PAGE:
The first issue of Wired featured a $12,000 CD player that could hold 100 discs, creating the opportunity for shuffle on steroids and even programmable playback — the digital descendant of the mixtape and ancestor of contemporary playlisting. Playing music at parties or in restaurants was not in itself new, but the idea that it could be personal — completely unique to you — eventually changed everything.

With randomness, there is possibility

Shuffle satisfied the human attraction to novelty and surprise. With randomness, there is possibility: it makes sense, then, that the first literal shuffle buttons were on ’70s-era handheld blackjack games for shuffling the virtual deck. When you put a playlist, or your library, on shuffle, you might get lucky and hear exactly the thing you want to hear with the added satisfaction of not knowing it was coming. 

It’s also just easier. “Eliminating the need for choice, yet guaranteeing familiarity, it relieves you of the burden of desire itself,” wrote Simon Reynolds of the shuffle function in his book Retromania. The logical extreme of shuffle-as-innovation came with the 2005 iPod Shuffle, Apple’s budget MP3 player, which (despite its name) would play all a user’s music in order or on shuffle by default because it lacked a screen and thus the capacity for a user to select which music it would play.

The introduction of the idea that media consumption could be both personal and passive had massive ripple effects. In the wake of the Napster era and its promises of a massive, totally unique music library, Pandora effectively invented the idea of individualized radio, promising the ultimate “shuffle” experience with technology that has since been used to great effect by streaming services intent on keeping people listening. Spotify, Apple Music, and their ilk offer both the promise of that Napster-scale range with Pandora’s ease. You could find anything, they suggest, but why not click this button and we’ll find it for you?

As a result, increasingly precise and invasive algorithms have crept in under the comparatively innocuous umbrella of “randomness”

As a result, increasingly precise and invasive algorithms have crept in under the comparatively innocuous umbrella of “randomness,” feeding us not just songs without context but information of every possible variety that is both novel and tells us what we’d like to hear — usually in service of getting us to buy something. Our social media timelines and YouTube feeds and video streaming services all employ the conceit, if not the science, of shuffle and randomness to keep us looking and listening, consuming without going through the work of figuring out what to consume.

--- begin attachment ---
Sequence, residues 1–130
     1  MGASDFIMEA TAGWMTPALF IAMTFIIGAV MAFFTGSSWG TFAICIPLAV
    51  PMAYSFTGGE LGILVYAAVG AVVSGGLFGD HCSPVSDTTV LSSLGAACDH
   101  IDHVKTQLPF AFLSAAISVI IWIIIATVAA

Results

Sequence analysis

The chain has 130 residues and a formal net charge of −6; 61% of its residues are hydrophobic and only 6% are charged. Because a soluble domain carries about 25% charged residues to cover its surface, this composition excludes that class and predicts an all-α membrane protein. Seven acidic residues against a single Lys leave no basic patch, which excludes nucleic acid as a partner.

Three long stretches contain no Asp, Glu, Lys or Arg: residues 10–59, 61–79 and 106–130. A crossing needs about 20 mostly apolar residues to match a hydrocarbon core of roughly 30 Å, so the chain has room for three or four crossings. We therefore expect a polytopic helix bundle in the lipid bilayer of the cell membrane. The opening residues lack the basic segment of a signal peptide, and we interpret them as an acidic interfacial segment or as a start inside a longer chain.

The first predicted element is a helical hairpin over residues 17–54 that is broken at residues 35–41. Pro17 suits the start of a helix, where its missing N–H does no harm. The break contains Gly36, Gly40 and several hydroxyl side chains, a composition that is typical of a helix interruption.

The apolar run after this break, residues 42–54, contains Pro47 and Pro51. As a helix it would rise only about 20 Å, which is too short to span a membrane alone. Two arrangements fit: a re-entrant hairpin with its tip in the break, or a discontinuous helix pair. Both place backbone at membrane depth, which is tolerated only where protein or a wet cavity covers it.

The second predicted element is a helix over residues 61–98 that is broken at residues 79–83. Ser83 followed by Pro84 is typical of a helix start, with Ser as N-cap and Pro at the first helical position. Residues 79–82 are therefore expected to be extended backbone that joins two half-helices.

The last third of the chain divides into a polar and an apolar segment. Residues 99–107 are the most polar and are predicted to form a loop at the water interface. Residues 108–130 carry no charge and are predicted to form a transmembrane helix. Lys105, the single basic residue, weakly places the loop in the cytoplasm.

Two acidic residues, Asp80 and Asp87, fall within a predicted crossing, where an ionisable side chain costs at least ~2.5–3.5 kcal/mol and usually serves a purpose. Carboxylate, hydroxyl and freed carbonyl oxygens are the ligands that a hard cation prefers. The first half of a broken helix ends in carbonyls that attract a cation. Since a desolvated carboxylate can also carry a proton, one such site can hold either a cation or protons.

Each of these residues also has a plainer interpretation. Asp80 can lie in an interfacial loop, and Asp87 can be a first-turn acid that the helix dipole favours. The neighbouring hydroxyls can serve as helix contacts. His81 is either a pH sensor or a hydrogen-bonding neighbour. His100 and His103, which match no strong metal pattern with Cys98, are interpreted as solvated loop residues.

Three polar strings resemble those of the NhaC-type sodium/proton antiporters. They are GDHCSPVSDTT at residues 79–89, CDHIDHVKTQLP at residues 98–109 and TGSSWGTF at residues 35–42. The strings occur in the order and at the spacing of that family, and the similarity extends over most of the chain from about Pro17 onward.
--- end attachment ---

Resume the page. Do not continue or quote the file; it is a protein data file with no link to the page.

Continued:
“It’s fundamentally premised on the idea that there’s no end,” says Lison. “Even though obviously there is, there’s not an end that any of us will ever reach.” With all this choice, agency and, more importantly, having the time to choose in the first place is a luxury.

When it first integrated the play and shuffle button, Spotify was moving in concert with what its metrics undoubtedly showed — that 35 years or so after the introduction of the shuffle button, people had grown to prefer listening that way. For their purposes, playing an album on shuffle made the shift from the album itself to the algorithmically determined songs that Spotify plays immediately after it more seamless (and harder to notice). The true(ish) randomness and the algorithmically driven faux-randomness became one, further eliding the boundaries between the randomness you choose and the “randomness” you don’t.

But whatever Adele’s complaints, the issue with the shuffle default wasn’t really that albums should be sacred — at most, they had about a half-century as the paragon of music consumption. It’s that now, information itself is not as valuable or costly as the ability to control how you take it in. We’ve handed Spotify and its competitors the reins in exchange for a whole universe of songs, and now we’re stuck begging (and paying) to take back some semblance of control.